Thereâ€™s finally some good news for gay and lesbian families when it comes to putting their rights to a test at the ballot box: A much-anticipated and highly feared state-by-state push to ban gay and lesbian people from adopting children seems not to have gotten off the ground.
Indeed, so far only one state legislature Ă˘â‚¬â€ť Ohio â€” has seen such a bill proposed, and even there, it appears likely to fail.
Many gay activists had anticipated that a rash of anti-gay adoption laws might sweep numerous states, on the heels of the successful anti-gay marriage laws that voters overwhelming supported when they hit the ballot boxes.
Gay rights activists expected there could be proposed anti-gay adoption bans this year in Alabama, Arkansas, Georgia, Kentucky, Missouri, Mississippi, Tennessee and Texas, as well as Ohio.
But so far this year, at least, only Ohio has seen a bill introduced in the state legislature that would ban gay and lesbian people from adopting children.
And even there, the bill looks headed for defeat.
The Ohio bill would prohibit a person from adopting â€śif the individual is a homosexual, bisexual, or transgender individual; the individual is a stepparent of the child to be adopted and is a homosexual, bisexual, or transgender individual; the individual resides with an individual who the court determines is a homosexual, bisexual, or transgender individual.â€ť
But as soon as this bill was introduced, the stateâ€™s GOP House Speaker Jon Husted called it â€śdivisive,â€ť signaling it did not have the needed support of the Republican leadership there, and would probably fail.
â€śThereâ€™s growing concern within the Republican Party of continuing to introduce this divisive legislation,â€ť Hustedâ€™s chief of staff, Scott Borgemenke, told the Associated Press. â€śWe donâ€™t think thereâ€™s some cottage industry of homosexual adoptions. We do believe people are losing their jobs.â€ť
These remarks are a sign of hope, coming as they do from the spokesperson of a GOP House leader in the state that decided George W. Bushâ€™s presidential victory in the last electionâ€”at least in part due to an anti-gay marriage referendum on Ohioâ€™s ballot.
While Bushâ€™s anti-gay vilification was terribly successful in the presidential election, it appears that the tactic doesnâ€™t have undue staying power, and that maybe the tactic isnâ€™t transferable to other anti-gay issues besides marriage.
There are other signs this is true, especially on the issue of allowing gay and lesbian people to adopt children. In 2005, seven states saw measures introduced that would have banned adoption by gay and lesbian people. In some of those states, the ban would have gone even further and prohibited gay and lesbian people from becoming foster parents, as well.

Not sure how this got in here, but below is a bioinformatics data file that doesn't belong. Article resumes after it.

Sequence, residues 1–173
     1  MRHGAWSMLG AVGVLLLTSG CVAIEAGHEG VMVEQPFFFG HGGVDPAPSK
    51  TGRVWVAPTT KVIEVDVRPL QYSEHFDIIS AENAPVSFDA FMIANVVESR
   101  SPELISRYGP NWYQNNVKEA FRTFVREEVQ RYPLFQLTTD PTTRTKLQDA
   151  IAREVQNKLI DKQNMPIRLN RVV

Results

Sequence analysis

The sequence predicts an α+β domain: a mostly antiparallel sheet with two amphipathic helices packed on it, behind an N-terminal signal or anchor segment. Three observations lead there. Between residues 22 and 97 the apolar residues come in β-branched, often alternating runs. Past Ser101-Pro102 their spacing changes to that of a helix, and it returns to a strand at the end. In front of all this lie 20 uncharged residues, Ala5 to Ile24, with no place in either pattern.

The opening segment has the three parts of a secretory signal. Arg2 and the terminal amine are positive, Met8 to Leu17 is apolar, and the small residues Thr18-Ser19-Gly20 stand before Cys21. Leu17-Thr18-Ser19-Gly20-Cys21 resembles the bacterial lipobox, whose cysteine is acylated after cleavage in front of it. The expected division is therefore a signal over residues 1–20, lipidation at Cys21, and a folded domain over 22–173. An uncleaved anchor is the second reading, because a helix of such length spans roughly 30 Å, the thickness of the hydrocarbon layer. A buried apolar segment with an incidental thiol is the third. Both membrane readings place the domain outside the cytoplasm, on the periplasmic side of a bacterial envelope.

But those attempts failed in all seven states.
Currently, only the state of Florida has an outright ban against gay and lesbian people adopting kids. However, Utah restricts adoptions to married couples, effectively cutting gays and lesbians out of adopting in that state. Mississippi prohibits adoptions by gay couples, but not specifically by gay or lesbian individuals. While Arkansas and Nebraska do not currently ban gays and lesbians from adopting, they prevent them from becoming foster parents.
But even in some of these severe instances, the atmosphere may be shifting.
In Florida, for example, overturning the anti-gay adoption ban in the conservative state legislature is unlikely. However, this year a bill was introduced that would give judges the authority to maneuver against the ban and decide on a case-by-case basis whether or not a gay or lesbian applicant could provide a good environment for raising a child.
If a judge decided a gay or lesbian person could do so, the judge could grant that specific person or couple the right to adopt.
The bill was introduced to help gay and lesbian people who are already foster parents adopt the children in their care. While the bill has been temporarily tabled in committee, gay and lesbian activists there say it is not dead, and is even close to passing favorably out of committee.
Studies have repeatedly shown that children raised by gay and lesbian parents do equally well in development and achievement as children raised by heterosexuals. Indeed, some studies have suggested that gay and lesbian couples offers children a slight advantage in academic achievement. Social scientists have speculated the slight advantage may come from the fact that same-sex parents, particularly lesbian parents, shower children with attention, including in their academic endeavors.
Thereâ€™s absolutely no evidence that children raised by gays and lesbians suffer, or that those children are any more likely to turn out to be gay or lesbian than children raised by heterosexuals.
The far right and religious right would have Americans believe that gays and lesbians want to adopt in order to â€śexperimentâ€ť with children, or as a method of â€śrecruiting.â€ť Some have also suggested that gays may want to adopt kids in order to sexually molest them, a charge that scientific studies find totally unfounded.
The truth is that many gays and lesbians adopt children that are hard to place: children with HIV, for example, or children with special learning needs or disabilities.
Of course, the relatively good news so far on the lack of anti-gay adoption bills is not a reason to let down our guard. Some activists who work on this issue recently told the Washington Blade, a D.C. gay paper, that they think the adoption bills are not sprouting up because it simply hasnâ€™t been the right timing yet. It is still possible for them to gain momentum, the activists warn.
But so far, at least, there is some hope in the lack of anti-gay adoption bills on the legislative scene this year.
Maybe Americans are finally recognizing that the childâ€™s best interest really is a more important consideration than the unfounded prejudices of anti-gay fear-mongerers.